Eventually, he was inspired to develop his scholarship scheme: "Wherever you turn your eye—except in science—an Oxford man is at the top of the tree". The shortcomings of the Freemasons, in his opinion, later caused him to envisage his own secret society with the goal of bringing the entire world under British rule.
During his years at Oxford, Rhodes continued to prosper in Kimberley. Before his departure for Oxford, he and C. Rudd had moved from the Kimberley Mine to invest in the more costly claims of what was known as old De Beers Vooruitzicht. It was named after Johannes Nicolaas de Beer and his brother, Diederik Arnoldus, who occupied the farm.
After purchasing the land in from David Danser, a Koranna chief in the area, David Stephanus Fourie, forebearer for Claudine Fourie-Grosvenor, had allowed the de Beers and various other Afrikaner families to cultivate the land. In and , the diamond fields were in the grip of depression, but Rhodes and Rudd were among those who stayed to consolidate their interests.
They believed that diamonds would be numerous in the hard blue ground that had been exposed after the softer, yellow layer near the surface had been worked out. During this time, the technical problem of clearing out the water that was flooding the mines became serious. Rhodes and Rudd obtained the contract for pumping water out of the three main mines. After Rhodes returned from his first term at Oxford, he lived with Robert Dundas Graham, who later became a mining partner with Rudd and Rhodes.
De Beers was established with funding from N. In , Rhodes prepared to enter public life at the Cape. With the earlier incorporation of Griqualand West into the Cape Colony under the Molteno Ministry in , the area had obtained six seats in the Cape House of Assembly. Rhodes chose the rural and predominately Boer constituency of Barkly West , which would remain loyal to Rhodes until his death. When Rhodes became a member of the Cape Parliament , the chief goal of the assembly was to help decide the future of Basutoland.
The Sprigg ministry had precipitated the revolt by applying its policy of disarming all native Africans to those of the Basotho nation, who resisted. He introduced the Glen Grey Act to push black people from their lands and make way for industrial development.
Rhodes's view was that black people needed to be driven off their land to "stimulate them to labour" and to change their habits. Given the growing number of enfranchised black people in the Cape, Rhodes raised the franchise property requirements in to counter this preponderance.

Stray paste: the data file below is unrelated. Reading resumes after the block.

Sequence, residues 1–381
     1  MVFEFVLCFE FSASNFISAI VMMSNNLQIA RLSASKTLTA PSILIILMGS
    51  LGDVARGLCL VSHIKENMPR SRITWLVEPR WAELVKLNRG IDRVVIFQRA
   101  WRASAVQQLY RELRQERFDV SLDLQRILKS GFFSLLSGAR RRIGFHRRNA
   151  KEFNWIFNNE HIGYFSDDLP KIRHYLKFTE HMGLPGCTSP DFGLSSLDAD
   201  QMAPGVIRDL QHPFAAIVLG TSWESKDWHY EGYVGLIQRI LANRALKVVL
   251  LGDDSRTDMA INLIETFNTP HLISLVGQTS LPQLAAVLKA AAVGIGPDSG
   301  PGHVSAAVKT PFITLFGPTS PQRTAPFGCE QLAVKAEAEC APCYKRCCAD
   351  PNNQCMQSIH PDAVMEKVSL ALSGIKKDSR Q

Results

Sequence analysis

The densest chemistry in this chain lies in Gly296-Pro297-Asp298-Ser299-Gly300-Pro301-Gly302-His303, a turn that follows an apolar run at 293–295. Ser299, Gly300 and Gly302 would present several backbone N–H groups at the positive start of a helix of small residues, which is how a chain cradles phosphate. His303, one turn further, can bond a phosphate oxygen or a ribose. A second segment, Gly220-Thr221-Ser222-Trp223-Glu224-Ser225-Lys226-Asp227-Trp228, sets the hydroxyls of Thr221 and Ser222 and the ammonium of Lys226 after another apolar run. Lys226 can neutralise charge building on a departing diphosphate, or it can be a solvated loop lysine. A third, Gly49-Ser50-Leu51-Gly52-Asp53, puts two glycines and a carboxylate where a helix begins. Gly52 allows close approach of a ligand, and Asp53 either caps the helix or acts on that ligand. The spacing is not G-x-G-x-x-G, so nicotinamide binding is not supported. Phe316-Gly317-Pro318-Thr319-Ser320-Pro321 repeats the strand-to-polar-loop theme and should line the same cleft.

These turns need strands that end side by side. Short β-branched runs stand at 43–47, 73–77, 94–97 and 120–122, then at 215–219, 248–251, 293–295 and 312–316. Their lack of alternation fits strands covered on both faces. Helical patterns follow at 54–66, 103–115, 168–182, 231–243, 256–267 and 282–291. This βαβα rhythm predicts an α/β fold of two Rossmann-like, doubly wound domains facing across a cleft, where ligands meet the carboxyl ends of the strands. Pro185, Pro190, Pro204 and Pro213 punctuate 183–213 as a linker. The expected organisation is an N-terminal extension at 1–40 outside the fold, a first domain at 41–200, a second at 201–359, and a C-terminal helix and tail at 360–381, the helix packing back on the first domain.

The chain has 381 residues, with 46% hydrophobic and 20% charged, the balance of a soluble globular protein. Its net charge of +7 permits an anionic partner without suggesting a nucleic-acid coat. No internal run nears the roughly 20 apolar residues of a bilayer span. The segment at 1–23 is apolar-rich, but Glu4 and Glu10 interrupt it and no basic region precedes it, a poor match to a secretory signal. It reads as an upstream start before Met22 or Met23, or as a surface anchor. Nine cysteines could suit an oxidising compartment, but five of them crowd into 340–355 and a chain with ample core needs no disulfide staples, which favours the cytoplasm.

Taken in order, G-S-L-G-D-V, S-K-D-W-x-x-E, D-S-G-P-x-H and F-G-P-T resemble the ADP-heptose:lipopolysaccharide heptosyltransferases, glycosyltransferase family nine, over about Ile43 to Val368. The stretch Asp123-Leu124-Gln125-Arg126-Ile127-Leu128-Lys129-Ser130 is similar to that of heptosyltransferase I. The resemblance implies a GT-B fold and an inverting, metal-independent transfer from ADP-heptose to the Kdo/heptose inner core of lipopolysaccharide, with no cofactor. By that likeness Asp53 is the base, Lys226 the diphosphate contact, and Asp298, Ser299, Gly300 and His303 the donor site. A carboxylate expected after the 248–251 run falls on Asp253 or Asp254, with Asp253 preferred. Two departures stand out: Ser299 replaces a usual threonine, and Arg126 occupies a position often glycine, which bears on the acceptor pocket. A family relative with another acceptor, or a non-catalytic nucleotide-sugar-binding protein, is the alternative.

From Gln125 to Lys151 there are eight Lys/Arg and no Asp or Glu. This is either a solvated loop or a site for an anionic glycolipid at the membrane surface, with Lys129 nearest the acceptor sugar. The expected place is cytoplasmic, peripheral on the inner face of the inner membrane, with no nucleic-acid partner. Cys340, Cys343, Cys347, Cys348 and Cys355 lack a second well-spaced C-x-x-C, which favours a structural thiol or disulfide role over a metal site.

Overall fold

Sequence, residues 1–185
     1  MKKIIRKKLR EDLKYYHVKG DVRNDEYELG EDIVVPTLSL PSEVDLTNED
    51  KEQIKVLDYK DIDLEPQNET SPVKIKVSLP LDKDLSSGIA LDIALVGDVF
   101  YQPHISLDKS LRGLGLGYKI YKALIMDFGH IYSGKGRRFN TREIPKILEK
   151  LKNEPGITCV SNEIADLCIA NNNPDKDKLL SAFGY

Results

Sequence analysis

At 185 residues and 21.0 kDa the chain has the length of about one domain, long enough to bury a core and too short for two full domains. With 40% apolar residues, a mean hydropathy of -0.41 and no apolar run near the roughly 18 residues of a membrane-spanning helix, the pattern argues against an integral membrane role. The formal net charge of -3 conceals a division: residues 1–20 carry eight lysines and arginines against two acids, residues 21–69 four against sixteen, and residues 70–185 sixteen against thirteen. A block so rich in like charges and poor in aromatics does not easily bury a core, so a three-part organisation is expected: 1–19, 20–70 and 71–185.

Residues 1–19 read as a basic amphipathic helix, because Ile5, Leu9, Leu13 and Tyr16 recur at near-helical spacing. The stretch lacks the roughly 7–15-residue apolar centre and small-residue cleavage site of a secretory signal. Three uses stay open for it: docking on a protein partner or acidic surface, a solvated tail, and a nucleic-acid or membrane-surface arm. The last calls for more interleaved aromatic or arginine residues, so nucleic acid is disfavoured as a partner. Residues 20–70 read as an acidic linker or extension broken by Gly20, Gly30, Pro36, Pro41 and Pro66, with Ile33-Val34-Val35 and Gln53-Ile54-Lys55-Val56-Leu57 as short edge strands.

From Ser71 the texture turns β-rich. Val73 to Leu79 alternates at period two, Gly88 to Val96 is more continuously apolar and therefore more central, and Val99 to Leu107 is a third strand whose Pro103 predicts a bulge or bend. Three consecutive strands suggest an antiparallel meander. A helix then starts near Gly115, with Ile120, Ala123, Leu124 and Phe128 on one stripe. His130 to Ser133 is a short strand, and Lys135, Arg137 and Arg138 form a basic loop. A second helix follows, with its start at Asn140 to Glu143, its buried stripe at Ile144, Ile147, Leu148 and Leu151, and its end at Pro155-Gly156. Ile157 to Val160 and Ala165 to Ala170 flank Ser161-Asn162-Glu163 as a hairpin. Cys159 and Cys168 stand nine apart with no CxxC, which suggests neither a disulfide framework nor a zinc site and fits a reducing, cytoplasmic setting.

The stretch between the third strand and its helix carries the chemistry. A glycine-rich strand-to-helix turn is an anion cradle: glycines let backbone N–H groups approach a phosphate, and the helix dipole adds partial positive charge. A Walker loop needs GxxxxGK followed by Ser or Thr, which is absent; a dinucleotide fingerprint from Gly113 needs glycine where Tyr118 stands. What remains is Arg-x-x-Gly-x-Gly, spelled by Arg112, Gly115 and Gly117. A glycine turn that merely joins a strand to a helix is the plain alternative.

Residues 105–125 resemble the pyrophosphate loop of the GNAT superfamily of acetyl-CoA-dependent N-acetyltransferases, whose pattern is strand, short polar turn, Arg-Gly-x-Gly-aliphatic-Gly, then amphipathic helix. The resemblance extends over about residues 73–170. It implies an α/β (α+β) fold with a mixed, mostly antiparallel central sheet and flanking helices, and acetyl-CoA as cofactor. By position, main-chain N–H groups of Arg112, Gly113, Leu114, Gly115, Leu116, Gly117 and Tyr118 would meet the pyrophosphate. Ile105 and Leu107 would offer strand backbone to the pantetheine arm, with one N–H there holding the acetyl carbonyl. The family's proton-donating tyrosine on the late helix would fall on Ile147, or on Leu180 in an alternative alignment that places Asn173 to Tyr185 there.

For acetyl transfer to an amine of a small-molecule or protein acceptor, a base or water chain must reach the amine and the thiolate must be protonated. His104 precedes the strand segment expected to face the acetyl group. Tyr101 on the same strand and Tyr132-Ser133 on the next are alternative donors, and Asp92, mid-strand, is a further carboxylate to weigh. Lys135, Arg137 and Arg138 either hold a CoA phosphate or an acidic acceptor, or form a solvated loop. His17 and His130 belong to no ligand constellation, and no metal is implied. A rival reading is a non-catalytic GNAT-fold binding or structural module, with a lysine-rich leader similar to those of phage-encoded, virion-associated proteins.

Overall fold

The change had drastic effects on the traditional Cape Qualified Franchise. To quote Richard Dowden , most would now "find it almost impossible to get back on the list because of the legal limit on the amount of land they could hold".
We must adopt a system of despotism, such as works in India, in our relations with the barbarism of South Africa. Rhodes also introduced educational reform to the area. His policies were instrumental in the development of British imperial policies in South Africa, such as the Hut tax.
Rhodes did not, however, have direct political power over the independent Boer Republic of the Transvaal. In , believing he could use his influence to overthrow the Boer government,  Rhodes supported the Jameson Raid , an unsuccessful attempt to create an uprising in the Transvaal that had the tacit approval of Secretary of State for the Colonies Joseph Chamberlain.
Frank Rhodes to jail in Transvaal convicted of high treason and nearly sentenced to death, and contributed to the outbreak of the Second Boer War. In , Rhodes was sued by a man named Burrows for falsely representing the purpose of the raid and therefore convincing him to participate in the raid. Burrows was severely wounded and had to have his leg amputated.
Rhodes used his wealth and that of his business partner Alfred Beit and other investors to pursue his dream of creating a British Empire in new territories to the north by obtaining mineral concessions from the most powerful indigenous chiefs. Rhodes' competitive advantage over other mineral prospecting companies was his combination of wealth and astute political instincts, also called the "imperial factor", as he often collaborated with the British Government.